The UK Consumer Price Index saw a rise in the annual rate for January 2010, from 2.9% to 3.5%. Despite the longest recession since World War II, talk has already turned to the future - and the worry that inflation could take hold if the fiscal stimuli used to try and prompt recovery stay in place too long.
Inflation has been low for a while now. Back in the late 80s and 90s, monthly inflation figures were much higher - peaking at 8.5% in April 1991. But some will remember the economic slump of the 1970s, which was triggered by double-digit inflation - and may be nervous.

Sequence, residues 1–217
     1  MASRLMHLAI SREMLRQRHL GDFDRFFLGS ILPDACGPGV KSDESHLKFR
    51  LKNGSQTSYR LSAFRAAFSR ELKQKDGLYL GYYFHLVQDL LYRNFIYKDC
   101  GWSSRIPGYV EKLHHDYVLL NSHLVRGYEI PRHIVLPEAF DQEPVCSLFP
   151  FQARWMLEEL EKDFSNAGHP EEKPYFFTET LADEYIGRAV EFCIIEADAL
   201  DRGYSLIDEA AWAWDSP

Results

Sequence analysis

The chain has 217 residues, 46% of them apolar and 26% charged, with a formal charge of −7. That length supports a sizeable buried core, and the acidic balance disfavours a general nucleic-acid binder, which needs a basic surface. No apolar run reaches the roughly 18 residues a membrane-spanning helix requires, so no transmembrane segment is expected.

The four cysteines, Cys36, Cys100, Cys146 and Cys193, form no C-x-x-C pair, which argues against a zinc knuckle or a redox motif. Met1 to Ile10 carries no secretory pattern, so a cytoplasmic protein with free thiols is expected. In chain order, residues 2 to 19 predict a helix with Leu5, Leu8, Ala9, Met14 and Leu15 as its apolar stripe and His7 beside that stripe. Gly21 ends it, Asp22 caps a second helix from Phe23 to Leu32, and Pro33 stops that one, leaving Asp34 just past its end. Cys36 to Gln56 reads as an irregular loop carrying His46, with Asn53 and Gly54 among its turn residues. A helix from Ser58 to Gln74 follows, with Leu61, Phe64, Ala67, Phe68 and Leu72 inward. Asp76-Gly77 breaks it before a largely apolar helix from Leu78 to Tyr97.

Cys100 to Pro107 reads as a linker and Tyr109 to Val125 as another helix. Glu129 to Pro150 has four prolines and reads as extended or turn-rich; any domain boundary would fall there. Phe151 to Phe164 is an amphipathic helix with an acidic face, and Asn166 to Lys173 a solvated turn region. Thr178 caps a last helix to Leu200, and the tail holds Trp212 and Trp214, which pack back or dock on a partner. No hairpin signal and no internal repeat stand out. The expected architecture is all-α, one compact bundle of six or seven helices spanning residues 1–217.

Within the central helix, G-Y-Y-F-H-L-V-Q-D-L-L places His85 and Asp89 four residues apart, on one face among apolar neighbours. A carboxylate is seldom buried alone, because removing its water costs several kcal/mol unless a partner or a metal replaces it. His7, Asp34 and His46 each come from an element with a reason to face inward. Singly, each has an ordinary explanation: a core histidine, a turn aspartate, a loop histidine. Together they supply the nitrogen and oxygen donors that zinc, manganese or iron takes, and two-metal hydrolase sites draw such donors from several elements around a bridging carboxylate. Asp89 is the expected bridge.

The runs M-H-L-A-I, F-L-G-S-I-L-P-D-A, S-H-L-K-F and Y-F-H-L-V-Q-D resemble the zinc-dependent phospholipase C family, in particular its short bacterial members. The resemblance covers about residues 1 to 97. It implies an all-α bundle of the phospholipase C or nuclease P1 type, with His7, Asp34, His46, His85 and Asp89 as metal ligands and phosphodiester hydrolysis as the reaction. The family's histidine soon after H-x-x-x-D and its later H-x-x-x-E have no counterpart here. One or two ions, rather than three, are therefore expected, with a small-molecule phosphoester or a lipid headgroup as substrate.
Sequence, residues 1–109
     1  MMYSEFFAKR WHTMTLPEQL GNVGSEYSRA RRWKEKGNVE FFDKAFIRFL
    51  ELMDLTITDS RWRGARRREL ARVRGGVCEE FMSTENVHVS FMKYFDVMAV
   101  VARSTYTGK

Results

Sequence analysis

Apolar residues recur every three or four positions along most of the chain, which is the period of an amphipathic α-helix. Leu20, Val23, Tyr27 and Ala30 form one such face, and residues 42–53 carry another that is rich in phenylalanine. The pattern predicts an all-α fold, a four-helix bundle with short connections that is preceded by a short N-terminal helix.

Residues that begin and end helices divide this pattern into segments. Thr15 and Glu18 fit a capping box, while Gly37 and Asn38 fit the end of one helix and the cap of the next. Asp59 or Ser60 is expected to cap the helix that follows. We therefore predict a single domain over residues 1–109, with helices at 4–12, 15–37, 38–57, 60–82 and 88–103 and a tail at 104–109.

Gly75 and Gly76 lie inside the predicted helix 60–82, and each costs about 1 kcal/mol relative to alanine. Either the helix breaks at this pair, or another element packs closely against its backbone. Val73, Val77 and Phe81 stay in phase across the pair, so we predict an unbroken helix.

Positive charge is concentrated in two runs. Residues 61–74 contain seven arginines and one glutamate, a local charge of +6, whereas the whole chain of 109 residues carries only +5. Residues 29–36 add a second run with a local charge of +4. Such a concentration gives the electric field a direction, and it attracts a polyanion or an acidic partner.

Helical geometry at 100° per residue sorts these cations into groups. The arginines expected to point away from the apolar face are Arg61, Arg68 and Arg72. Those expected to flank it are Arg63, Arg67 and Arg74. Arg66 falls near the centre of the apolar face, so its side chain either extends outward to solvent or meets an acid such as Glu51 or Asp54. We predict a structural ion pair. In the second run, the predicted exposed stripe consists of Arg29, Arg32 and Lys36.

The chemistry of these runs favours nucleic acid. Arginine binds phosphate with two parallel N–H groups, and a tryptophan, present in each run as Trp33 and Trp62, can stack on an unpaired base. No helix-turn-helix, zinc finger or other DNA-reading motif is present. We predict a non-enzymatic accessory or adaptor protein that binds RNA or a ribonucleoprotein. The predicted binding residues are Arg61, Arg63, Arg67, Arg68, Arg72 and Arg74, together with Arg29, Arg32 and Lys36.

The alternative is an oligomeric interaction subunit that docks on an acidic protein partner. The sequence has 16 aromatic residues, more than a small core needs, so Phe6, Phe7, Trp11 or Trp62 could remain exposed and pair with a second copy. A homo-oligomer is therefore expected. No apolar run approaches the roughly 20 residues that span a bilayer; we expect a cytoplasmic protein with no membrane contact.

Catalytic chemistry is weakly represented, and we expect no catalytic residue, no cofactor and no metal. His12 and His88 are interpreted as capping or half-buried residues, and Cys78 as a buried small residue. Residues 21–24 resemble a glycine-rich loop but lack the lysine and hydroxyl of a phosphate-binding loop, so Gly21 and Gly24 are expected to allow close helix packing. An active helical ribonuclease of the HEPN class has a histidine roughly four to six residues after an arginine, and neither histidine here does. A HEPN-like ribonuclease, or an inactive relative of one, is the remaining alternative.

As recently as mid 2008, we saw inflation around 5%, driven by energy costs and higher prices for vegetables, furniture, and cigarettes. House prices and housing costs also impacted. This threat passed as the recession extended and the Bank of England and the Government put a lot of new money into the economy to try and encourage some growth. However, they now need to be careful how this works through or inflation could easily take hold again.
At the moment, there is probably less reason for concern than in the 1970s and early 1980s. The economic outlook is still nervous as lower than expected, growth in Q4 2009, despite confirming an end to the recession for now, could indicate that growth might halt again as consumers consider tightening up on spending after the Christmas spree. Whatever happens next, however, it is a timely reminder to review and inflation-proof your portfolio, just in case.